And if the consular officials represented Italian fascism in Australia, why did they make numerous requests in 1940 to the Vatican to send Fr Modotti back to Italy?

Modotti had run foul of the consulate for his continued anti-fascist statements and activities. Appeals were made to the Apostolic Delegate right up until the consulate closed following Italy's entry into the war.

Denounced by enemies

From 1938 to 1940, Modotti was engaged in counter activities to the Italian fascist authorities. He made many enemies who denounced him. He was arrested in 1940 but released immediately after representations from the Vicar-General of the Melbourne Archdiocese. The arresting officer conceded that Modotti was considered an anti-fascist by the fascists and a fascist by the anti-fascists.

(It is worth noting that those Italians arrested and interned after June 1940 were a mix of fascists, anti-fascists, communists and even anarchists.)

Modotti's traducing is one thing; but then we have the ultimate howler. Ross Fitzgerald writes:

"Indeed, in 1943 the Archbishop declared 'Mussolini [to be] the greatest man living today'. Shortly afterwards Mussolini was deposed by the Italians, who apparently did not agree with Mannix's assessment."

This is a persistent citation, having been invoked with some relish by Professor James Griffin in his entry on Mannix for the Australian Dictionary of Biography. But is this true?

To start with, the chronology is all wrong. Italy surrendered in September 1943. Following the capitulation, Dr Mannix and Arthur Calwell, Minister for Information, called a meeting of the Italian community in Melbourne to remind the authorities that Italians were no longer enemy aliens and those interned should be released.

Dr Mannix spoke first, followed by Calwell. The Argus and The Advocate which both had reporters present, recorded the Archbishop as saying:

"History will call [Mussolini] one of the big men of the century. Like many other big men he seems to have failed."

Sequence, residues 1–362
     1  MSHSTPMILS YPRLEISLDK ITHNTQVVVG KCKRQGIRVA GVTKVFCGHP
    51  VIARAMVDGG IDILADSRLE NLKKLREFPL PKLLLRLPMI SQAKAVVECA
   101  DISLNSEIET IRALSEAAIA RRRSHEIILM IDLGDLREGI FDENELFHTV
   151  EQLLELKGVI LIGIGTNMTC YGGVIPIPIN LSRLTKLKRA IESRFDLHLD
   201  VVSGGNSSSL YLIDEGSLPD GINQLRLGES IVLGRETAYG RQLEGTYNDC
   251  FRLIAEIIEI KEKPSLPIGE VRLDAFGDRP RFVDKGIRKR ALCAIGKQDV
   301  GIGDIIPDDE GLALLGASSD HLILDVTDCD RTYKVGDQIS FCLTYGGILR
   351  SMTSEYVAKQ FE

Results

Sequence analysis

Hardly an endorsement.

Calwell then argued that the pro-communist Italia Libera organisation was not welcome in Australia.

It was a bombshell, and the organisation was soon smearing Calwell as the leader of fascism in Australia - along with Fr Modotti, of course.

Disinformation cited

All this is on the public record, yet those with an ideological or personal antipathy to Daniel Mannix or Bob Santamaria preferred to use another, questionable, source: the minutes of a meeting of Italia Libera!

So disinformation has passed from a pro-communist group (openly criticised by a leading member of the ALP) to Cresciani on to Griffin and then Fitzgerald who is still citing it in 2003.

So this is how history is made!

Interestingly, Cresciani's recently released history of Italians in Australia - Cambridge University Press, 2003 - has removed all reference to Modotti, Santamaria and the Mannix speech!

Surely common sense would have dictated that if Australia's most prominent Catholic prelate (and himself no stranger to controversy) had launched a paeon of praise to Mussolini in the middle of the war and in front of the secular press, it would have made headlines the following day!

One wonders about the accuracy of other allegations in Fitzgerald's book.

Given that the well-known Catholic Redemptorist historian Bruce Duncan is called a Jesuit, one holds out little confidence.

  • Anthony Cappello